The lesson of Ireland’s craft leash

The Irish and Northern Irish market provides valuable lessons about how suppliers should be supporting their customers and the importance of localisation. Dan Christmas, marketing manager at Simply Hops, reports from the Emerald Isle.

What does it mean to be upheld and protected within craft brewing? Not only for it to continue, but to grow and flourish? We’ve been considering it a lot at Simply Hops. The genie is out of the bottle now, and hopefully, craft will be around forever. We have to ask these questions to make sure that as much as possible, our own business reflects the ideals of craft and supports it into the future. It is something all suppliers should be asking themselves.

One of the cornerstones of craft brewing is localisation: a brewery’s ability to bring beer styles from all over the world and make it available to the local community. It plays a massive part in the building of a brewery’s sales from its inception and continues to be part of a brand’s customer foundation as it grows beyond its own postcode. It is an essential part of the culture and tone of the craft community.

On the ground
People buy from people. It is said many times, but in our experience, it holds truer than ever in the craft brewing world. At Simply Hops, for example, we are making sure that across the UK, Europe and Scandinavia, we have people on the ground working with local heroes to help get the best understanding of customers’ needs. We’ve recently started working with Get Er Brewed in Northern Ireland for precisely this reason. In Ireland more than anywhere, craft brewers are struggling to build a strong local base. Looking at the Irish craft market gives us an excellent insight as to why localisation is so important.

Reliable numbers are never easy to get hold of. In the US, craft beer is often said to make up around 15–16% of the market. In the UK it’s been estimated at approximately 5% but still growing. In the rest of Europe, it can vary from country to country, but the overall picture is towards growth and the taking of a larger share of the market. In the whole of Ireland however, estimates are that craft beer accounts for around 3% of the total market, and growth is slow.

Nonetheless, when you speak to the people involved in the independent craft brewing industry across Ireland, you still witness all of the passion and dedication you get elsewhere. They see themselves as part of a more significant community and work in the same collaborative way that is expected among craft brewers. Their beer is just as thoughtfully crafted and offers the same quality and excitement to their customers. So why is the market not responding in the same way as many other places?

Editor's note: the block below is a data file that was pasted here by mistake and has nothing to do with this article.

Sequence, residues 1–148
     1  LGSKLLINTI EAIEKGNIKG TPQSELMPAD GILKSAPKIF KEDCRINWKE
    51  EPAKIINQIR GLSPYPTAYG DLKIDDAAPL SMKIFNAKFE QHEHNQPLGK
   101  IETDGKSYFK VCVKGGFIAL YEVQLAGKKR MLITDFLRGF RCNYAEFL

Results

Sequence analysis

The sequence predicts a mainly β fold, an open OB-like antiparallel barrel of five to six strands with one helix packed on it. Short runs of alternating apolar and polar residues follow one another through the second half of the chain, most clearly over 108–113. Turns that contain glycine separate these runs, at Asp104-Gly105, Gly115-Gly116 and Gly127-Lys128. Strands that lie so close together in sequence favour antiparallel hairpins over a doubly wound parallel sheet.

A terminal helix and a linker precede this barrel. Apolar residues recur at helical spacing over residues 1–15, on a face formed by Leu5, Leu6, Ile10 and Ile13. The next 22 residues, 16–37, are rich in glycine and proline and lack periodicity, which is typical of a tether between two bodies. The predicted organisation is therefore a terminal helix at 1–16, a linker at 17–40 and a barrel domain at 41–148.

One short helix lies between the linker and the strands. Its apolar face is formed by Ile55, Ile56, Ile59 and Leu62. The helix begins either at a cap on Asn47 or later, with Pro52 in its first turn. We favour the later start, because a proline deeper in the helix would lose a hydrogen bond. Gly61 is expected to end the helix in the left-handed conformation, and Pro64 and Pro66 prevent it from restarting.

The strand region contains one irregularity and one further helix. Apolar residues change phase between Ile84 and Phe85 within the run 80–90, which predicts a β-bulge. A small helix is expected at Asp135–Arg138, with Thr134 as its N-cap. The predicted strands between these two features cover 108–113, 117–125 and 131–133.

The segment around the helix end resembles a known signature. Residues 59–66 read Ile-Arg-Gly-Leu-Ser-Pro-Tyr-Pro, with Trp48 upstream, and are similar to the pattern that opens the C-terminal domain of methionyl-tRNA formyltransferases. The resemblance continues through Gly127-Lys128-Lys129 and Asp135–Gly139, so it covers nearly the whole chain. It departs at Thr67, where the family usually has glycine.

Jonathan and Deborah Mitchell run Get Er Brewed, based in Randalstown in Northern Ireland.

They have grown from supplying home-brew and wine kits to now being a major distributor to the craft breweries across Ireland, working with Simply Hops, Crisp Malt and Lallemand Yeasts. They have been concentrating recently on ensuring they are able to provide the best quality ingredients to their customers. They are ambitious, but the lack of growth in the market is seen as both unnecessary and frustrating. Jonathan says, “I love Irish craft brewing. The brewers I meet daily are really killing it when it comes to passion, quality and innovation. There are some things we need to catch up on here in Ireland though, that will see the craft beer market bloom. When I go to the mainland UK, and throughout Europe, I see breweries bringing in locals to their taprooms and bars. The locals love having something that is new, exciting and most importantly ‘theirs’ right on their doorstep. They are able to interact with the brewers and staff in a way they never can with large scale breweries. It creates both passion and loyalty in the consumer, making them the perfect ambassador for the breweries as they spread the craft word to
their friends.

“It also gives the brewery a financial boost as they are able to shift some of their volume through a short supply chain and protect their margin.”
Deborah adds, “It’s all about real interactions no matter who your customer is. We have built our business on face-to-face communication. We have become our own brand that naturally incorporates all of the values we uphold in our business. The same holds true for the breweries.”

Jonathan continues, “Licensing makes running something like a tap-room or pop-up event very time consuming or expensive. The costs of the licenses in Ireland can be eye-watering, which makes setting up a tap-room a non-starter. It makes doing these kinds of things difficult and certainly means that anything spontaneous is out of the question. The result is that brewers can lose a potent marketing tool. With so much passion and energy in Irish craft brewing you can almost feel the market straining against its restraints. It’s ready to go!”

Mal McKay is energetic and smiles easily. It gives away his love of what he does. He also sees his local market as key to his future success. Mal has just finished building his new brewery on his family’s farm (former home of the poet Seamus Heaney) and is about to begin brewing his craft beers sold under the Heaney brand.